March 2018 Newsletter
Guest speaker at the February 2 Interfaith Alliance meeting, held at Westminster Presbyterian Church was Deborah Kafoury, Multnomah County Chair. She introduced her new assistant Kim Melton. In 2008 Deborah was elected to the Multnomah County Commission where she has worked to help families in crisis stay in their homes or be rehoused as quickly as possible. Here are excerpts from her remarks before the February 2, IAP meeting.
“Thank you for having me here today. If there is one thing that I’ve learned during my time in public office, it’s that no one person — no matter how rich or powerful they might be — can have the same impact as a community that’s working together in common cause.
This nation’s wealth is unevenly shared across our communities and the impact of that injustice is staggering. We see people sleeping on our streets, or huddled in their cars and many of us think — this problem is too big for me — I don’t know what to do to help. But the people in this room roll up their sleeves and get to work. So thank you.
“My good friend Israel Bayer often says that homelessness isn’t normal. In 2016, he gave a talk called Homelessness In America: The Journey Home. I hope you’ll look it up online. In that speech, Israel takes us on a journey through our past. He talks about the massive federal cuts to housing services in the 1980s during the Reagan administration that led to street homelessness throughout our cities. From 1978 to 1983 the federal housing budget was slashed from $83 billion to $18 billion. And since then, we haven’t done much as a nation to make up the gap.
“Street homelessness is the most visible sign of poverty, and the basic injustice of people being forced to sleep on our streets should inspire us to action. But it is important to recognize that for hundreds of thousands of people in our community, poverty is a crushing burden they bear in the shadows.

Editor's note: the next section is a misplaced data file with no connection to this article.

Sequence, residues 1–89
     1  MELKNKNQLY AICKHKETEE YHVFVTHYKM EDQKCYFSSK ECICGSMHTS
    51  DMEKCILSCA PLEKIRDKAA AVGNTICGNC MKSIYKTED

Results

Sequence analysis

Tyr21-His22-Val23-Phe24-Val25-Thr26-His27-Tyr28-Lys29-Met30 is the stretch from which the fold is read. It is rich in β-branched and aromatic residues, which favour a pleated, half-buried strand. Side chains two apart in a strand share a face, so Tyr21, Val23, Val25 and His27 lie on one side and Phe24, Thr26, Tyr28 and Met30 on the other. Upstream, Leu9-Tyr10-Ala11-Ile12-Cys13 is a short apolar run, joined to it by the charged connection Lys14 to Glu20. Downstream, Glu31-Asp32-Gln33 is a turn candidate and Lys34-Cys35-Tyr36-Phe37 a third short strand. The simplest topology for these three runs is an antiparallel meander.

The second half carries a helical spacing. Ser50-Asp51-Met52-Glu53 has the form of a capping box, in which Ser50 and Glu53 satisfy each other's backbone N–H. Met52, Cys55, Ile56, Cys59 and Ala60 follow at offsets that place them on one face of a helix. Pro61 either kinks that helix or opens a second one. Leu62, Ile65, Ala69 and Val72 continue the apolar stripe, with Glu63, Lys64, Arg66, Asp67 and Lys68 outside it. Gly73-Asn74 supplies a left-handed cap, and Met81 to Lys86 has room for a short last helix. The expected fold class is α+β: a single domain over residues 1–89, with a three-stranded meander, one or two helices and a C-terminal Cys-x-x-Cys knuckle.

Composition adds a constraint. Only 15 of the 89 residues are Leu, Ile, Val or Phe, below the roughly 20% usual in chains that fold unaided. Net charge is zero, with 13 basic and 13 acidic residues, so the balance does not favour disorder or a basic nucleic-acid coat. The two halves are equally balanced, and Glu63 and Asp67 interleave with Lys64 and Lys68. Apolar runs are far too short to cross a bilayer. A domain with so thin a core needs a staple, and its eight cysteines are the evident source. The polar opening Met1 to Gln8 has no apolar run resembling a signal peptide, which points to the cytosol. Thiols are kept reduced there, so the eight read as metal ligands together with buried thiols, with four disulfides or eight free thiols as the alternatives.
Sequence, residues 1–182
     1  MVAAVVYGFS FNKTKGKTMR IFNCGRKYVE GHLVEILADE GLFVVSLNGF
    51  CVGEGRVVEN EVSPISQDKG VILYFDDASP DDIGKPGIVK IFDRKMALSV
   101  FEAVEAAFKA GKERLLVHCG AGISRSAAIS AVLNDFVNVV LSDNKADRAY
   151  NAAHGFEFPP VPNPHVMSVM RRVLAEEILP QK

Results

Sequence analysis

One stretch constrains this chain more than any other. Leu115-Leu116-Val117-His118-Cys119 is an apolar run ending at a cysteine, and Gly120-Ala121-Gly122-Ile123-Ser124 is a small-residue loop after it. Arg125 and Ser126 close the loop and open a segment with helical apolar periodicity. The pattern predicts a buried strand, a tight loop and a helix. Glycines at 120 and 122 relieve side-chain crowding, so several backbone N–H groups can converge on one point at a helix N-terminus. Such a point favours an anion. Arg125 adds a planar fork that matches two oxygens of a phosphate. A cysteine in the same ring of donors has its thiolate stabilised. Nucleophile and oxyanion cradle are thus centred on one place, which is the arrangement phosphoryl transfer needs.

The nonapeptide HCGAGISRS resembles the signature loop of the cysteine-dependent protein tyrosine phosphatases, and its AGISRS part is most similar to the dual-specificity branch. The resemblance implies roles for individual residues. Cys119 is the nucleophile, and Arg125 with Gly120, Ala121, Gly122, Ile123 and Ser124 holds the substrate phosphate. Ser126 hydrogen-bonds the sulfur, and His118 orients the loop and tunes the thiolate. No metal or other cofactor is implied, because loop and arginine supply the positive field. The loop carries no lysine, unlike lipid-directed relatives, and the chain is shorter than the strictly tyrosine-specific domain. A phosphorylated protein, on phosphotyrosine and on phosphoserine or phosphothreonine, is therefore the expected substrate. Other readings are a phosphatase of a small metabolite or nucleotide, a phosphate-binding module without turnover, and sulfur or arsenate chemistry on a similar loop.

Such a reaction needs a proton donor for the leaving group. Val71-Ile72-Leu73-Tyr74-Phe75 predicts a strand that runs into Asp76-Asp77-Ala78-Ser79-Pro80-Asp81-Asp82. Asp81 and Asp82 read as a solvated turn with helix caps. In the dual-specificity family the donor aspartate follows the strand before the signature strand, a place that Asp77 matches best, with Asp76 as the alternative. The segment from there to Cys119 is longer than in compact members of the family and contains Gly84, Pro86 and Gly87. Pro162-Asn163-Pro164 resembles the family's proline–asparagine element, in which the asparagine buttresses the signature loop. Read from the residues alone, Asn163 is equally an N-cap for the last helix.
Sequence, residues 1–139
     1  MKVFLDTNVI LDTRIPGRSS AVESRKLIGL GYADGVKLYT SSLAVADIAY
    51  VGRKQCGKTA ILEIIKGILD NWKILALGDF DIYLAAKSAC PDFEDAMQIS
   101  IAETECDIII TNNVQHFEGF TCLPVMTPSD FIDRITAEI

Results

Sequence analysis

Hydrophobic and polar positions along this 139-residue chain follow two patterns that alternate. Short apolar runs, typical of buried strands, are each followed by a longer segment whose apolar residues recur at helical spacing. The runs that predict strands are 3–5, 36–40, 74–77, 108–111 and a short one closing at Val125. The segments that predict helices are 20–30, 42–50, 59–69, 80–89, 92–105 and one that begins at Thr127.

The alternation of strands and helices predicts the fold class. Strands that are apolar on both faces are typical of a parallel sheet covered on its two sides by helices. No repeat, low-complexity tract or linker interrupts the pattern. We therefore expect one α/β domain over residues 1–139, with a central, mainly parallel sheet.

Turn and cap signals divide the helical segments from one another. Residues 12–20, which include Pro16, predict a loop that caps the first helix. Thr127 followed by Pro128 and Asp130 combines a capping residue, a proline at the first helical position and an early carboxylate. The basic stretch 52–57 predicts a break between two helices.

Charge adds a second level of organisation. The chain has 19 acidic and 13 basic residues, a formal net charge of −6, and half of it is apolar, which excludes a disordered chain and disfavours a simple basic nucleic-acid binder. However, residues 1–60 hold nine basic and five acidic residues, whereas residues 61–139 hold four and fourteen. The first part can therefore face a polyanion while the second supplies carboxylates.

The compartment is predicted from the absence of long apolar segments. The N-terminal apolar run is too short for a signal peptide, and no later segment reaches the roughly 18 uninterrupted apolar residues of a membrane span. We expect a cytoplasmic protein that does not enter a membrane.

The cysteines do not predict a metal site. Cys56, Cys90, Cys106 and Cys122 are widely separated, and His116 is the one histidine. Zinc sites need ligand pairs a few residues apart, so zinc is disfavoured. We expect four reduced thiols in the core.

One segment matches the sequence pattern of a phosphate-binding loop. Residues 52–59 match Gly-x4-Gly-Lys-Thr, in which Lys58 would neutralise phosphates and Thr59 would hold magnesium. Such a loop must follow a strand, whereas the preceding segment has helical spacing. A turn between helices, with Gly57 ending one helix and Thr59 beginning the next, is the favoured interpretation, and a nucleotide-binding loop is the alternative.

“ On any given night, there are nearly 1,700 people sleeping on our streets. But across Multnomah County in 2014 one third of residents couldn’t afford to pay for the basic things in life: food, medicine and housing. That’s a quarter of a million people.
- 44% of the county’s population in poverty were communities of color, and 26% of the county’s communities of color were in poverty.
- 19% of the county’s population in poverty is foreign born, and 23% of the county’s foreign-born population is in poverty.
- 22% of the county’s households in poverty are single-parent households, and 42% of the county’s single-parent households are in poverty.
“And while our official poverty statistics have declined, they haven’t returned to pre-recession levels.
“At the same time, rising costs for health care, education and housing are putting a squeeze on families in poverty.
“ So what can we do? Well first off, we can stop doing things that perpetuate poverty. Last year Congress passed a monstrous tax bill that repealed the estate tax, blew giant loopholes in our business tax code and generally discarded any sense of fiscal responsibility or fairness. One analysis had the top 1 percent getting 83 percent of the gains while in the bill’s final year, it raised taxes on 53 percent of Americans.
“Secondly, we can put our money where it does the most good. At Multnomah County, we are pushing hard to move away from funding jail beds and emergency medical services, and instead focusing on prevention, stability and housing. By focusing on wraparound services, whether its in our SUN Schools, our mental health system or in the thousands of supportive housing units across the county, keeping people stable and secure saves money and helps them build their way to self sufficiency. In October, the city of Portland and Multnomah County committed to doubling the number of supportive housing units in our community, creating 2,000 more over the next ten years.
“Racism can be both a root cause and exacerbate experiences of poverty for communities of color. That’s why we’ve prioritized investing in a broad range of solutions that meet communities where they are with strategies that best work for them — culturally specific services in our youth services, domestic violence, aging and community health worker training. Creating an atmosphere of safety, trust and belonging is critical to effectively doing our work to address poverty.”